Patients may score slightly lower on certain memory tests after undergoing surgery, a study suggests.
The study published in the journal Anaesthesia involved 312 participants who had surgery and 652 participants who had not (with an average age in the 50s).
Surgery between tests was associated with a decline in immediate memory by one point out of a possible maximum test score of 30 points, researchers said.
Memory became abnormal in 77 out of 670 participants with initially normal memory comprising 18 per cent of those who had had surgery compared with 10 per cent of those who had not, they said.
"The cognitive changes we report are highly statistically significant in view of the internal normative standards we employ, and the large sample size of the control, or non-surgery, population," said Kirk Hogan from the University of Wisconsin-Madison in the US.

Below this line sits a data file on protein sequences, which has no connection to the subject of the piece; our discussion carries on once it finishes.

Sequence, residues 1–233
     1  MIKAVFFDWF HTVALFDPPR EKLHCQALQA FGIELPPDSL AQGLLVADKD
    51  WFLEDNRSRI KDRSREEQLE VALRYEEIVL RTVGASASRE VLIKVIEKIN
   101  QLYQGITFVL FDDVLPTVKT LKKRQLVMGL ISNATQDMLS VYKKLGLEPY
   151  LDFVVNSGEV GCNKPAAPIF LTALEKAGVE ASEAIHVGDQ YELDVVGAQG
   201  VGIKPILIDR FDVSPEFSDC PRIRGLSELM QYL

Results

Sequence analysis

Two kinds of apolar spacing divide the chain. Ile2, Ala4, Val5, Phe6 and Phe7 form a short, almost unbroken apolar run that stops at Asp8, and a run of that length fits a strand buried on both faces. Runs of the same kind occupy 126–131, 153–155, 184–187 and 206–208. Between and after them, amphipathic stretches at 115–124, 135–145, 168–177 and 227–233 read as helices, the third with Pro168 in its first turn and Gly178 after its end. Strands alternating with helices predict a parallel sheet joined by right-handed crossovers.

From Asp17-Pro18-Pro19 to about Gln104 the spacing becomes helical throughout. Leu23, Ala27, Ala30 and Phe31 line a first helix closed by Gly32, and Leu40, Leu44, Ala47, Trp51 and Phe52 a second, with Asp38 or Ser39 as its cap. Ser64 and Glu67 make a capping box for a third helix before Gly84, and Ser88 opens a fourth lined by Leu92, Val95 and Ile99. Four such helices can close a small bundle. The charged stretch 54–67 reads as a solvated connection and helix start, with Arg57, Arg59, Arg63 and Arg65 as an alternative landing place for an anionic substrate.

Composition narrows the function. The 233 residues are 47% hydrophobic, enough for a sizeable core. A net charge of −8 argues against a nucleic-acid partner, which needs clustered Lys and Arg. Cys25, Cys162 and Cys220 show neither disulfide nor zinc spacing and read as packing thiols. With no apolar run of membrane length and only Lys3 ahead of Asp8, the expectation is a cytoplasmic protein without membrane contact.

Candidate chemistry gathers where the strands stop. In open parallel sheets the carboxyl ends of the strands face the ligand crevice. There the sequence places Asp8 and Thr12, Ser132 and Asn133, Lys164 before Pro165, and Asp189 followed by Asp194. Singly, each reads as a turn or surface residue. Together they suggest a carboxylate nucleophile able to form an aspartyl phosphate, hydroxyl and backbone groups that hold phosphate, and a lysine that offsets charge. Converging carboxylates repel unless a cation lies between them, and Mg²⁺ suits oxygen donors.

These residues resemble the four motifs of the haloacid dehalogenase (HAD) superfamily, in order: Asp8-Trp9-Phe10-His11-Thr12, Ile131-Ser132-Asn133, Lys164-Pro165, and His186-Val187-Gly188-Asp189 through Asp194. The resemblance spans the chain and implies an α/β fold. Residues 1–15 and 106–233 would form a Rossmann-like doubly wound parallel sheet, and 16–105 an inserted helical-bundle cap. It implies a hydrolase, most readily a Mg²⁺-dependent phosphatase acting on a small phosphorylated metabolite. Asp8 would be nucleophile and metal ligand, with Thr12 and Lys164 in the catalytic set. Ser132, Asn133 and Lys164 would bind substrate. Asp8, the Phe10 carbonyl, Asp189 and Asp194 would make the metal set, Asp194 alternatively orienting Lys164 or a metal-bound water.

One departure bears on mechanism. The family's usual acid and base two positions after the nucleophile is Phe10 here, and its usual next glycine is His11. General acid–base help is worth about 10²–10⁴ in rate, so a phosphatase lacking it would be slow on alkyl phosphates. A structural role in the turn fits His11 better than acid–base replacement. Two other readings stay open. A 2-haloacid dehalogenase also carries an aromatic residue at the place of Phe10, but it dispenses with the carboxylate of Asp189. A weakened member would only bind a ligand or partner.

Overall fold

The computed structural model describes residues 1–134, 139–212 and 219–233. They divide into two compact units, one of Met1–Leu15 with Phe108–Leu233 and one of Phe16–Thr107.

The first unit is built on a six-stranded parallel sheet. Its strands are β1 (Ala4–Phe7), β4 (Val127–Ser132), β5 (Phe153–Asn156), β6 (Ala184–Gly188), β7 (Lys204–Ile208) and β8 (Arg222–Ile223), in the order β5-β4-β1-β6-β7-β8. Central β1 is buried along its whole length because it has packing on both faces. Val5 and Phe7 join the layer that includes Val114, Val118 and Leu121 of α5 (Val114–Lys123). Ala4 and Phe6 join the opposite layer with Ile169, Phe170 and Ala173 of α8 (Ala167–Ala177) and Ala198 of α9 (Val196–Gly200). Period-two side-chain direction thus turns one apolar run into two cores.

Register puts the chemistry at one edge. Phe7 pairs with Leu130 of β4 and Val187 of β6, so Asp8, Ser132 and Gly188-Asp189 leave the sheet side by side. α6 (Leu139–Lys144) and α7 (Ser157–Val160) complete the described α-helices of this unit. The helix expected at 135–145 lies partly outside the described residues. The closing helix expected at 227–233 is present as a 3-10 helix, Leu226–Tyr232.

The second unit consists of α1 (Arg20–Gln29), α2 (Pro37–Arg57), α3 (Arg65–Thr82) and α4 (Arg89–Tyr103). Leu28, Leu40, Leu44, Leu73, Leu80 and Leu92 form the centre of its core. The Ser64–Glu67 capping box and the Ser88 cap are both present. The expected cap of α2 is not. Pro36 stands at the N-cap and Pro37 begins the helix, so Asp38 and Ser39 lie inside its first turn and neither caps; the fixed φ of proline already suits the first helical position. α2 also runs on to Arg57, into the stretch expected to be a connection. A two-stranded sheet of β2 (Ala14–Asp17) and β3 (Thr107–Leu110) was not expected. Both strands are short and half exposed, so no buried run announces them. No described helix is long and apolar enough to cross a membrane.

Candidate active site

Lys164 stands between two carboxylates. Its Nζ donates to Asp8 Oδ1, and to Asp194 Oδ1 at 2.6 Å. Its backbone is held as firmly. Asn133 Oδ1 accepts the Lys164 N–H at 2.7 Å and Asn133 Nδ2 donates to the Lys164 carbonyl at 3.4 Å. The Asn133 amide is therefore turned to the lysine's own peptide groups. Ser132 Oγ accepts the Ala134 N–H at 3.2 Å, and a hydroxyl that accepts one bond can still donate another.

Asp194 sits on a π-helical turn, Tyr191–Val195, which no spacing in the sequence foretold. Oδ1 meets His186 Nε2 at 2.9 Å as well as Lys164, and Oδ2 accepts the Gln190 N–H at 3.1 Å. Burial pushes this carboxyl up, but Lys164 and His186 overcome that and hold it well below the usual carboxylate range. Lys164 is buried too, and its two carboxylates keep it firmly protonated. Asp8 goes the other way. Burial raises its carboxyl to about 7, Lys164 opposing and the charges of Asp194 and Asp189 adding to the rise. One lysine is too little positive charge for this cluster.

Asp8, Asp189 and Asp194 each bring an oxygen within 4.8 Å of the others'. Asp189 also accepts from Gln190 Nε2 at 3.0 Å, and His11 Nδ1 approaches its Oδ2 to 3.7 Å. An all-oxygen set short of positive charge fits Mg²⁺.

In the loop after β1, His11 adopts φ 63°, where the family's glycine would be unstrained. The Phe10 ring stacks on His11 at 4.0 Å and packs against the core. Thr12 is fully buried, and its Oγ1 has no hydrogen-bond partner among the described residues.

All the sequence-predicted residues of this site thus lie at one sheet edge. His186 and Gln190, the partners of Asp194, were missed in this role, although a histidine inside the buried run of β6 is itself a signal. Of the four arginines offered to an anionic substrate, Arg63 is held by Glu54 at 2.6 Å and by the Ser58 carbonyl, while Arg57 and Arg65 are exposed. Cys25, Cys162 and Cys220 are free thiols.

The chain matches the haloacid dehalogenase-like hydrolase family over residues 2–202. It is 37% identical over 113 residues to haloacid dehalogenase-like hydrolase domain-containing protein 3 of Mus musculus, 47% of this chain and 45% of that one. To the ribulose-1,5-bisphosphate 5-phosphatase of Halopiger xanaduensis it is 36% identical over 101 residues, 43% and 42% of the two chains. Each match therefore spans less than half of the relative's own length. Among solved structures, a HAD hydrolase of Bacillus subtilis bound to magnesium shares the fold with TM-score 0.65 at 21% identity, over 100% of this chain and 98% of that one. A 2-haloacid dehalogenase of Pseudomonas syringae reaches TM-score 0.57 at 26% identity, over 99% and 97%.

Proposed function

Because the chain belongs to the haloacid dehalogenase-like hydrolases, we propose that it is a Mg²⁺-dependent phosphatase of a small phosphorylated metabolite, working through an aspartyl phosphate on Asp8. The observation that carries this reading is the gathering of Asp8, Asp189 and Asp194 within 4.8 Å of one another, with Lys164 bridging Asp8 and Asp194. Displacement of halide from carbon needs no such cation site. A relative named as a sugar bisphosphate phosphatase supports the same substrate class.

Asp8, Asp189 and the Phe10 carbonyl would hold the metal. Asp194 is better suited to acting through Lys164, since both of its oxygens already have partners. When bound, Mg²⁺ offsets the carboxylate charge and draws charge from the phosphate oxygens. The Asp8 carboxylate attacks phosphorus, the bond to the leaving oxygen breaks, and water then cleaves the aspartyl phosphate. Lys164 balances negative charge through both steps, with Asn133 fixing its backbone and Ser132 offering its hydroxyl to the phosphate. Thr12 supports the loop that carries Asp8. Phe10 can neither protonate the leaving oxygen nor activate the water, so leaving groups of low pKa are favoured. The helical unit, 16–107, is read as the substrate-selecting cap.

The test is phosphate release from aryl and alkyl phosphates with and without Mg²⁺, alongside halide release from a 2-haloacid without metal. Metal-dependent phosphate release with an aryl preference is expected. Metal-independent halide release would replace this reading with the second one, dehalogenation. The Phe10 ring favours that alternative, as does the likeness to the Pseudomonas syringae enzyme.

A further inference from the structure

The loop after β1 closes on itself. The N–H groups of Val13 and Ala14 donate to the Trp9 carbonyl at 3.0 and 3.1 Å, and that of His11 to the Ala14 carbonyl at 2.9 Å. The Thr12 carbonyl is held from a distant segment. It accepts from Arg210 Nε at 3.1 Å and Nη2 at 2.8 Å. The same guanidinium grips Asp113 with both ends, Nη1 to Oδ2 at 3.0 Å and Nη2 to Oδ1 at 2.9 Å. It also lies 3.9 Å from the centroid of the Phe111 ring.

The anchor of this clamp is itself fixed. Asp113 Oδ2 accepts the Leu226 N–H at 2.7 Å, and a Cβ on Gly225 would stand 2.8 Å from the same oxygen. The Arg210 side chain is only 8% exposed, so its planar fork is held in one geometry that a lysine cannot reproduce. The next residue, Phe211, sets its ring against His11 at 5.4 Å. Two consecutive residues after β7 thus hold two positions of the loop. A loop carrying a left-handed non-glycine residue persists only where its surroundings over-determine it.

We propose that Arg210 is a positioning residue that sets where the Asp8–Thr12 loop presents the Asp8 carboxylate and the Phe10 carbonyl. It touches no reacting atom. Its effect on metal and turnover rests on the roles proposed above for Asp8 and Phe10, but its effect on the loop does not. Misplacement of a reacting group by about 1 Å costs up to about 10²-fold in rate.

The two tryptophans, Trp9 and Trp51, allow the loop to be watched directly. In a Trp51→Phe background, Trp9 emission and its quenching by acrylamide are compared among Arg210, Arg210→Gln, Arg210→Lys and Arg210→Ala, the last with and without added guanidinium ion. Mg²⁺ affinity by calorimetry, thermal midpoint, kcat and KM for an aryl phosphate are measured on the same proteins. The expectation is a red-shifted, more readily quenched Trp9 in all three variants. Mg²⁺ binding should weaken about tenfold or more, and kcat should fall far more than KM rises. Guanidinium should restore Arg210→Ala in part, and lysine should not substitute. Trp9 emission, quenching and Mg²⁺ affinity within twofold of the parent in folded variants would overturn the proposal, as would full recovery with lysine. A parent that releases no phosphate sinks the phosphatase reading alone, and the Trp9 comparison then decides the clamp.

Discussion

"However, the cognitive changes after surgery are small – most probably asymptomatic and beneath a person's awareness," said Hogan.
No differences in other measures of memory and executive function were observed between participants having and not having surgery.
Reduced immediate memory scores at the second visit were significantly associated with the number of operations in the preceding nine years.
Working memory decline was associated with longer cumulative operations, researchers said.
"The results await confirmation both in follow-up investigations in our own population sample after more surgeries in aging participants, and by other investigators with other population samples," said Hogan.
He noted that it is too early to recommend any changes in clinical practice regarding prevention, diagnosis, management, and prognosis of cognitive changes after surgery. PTI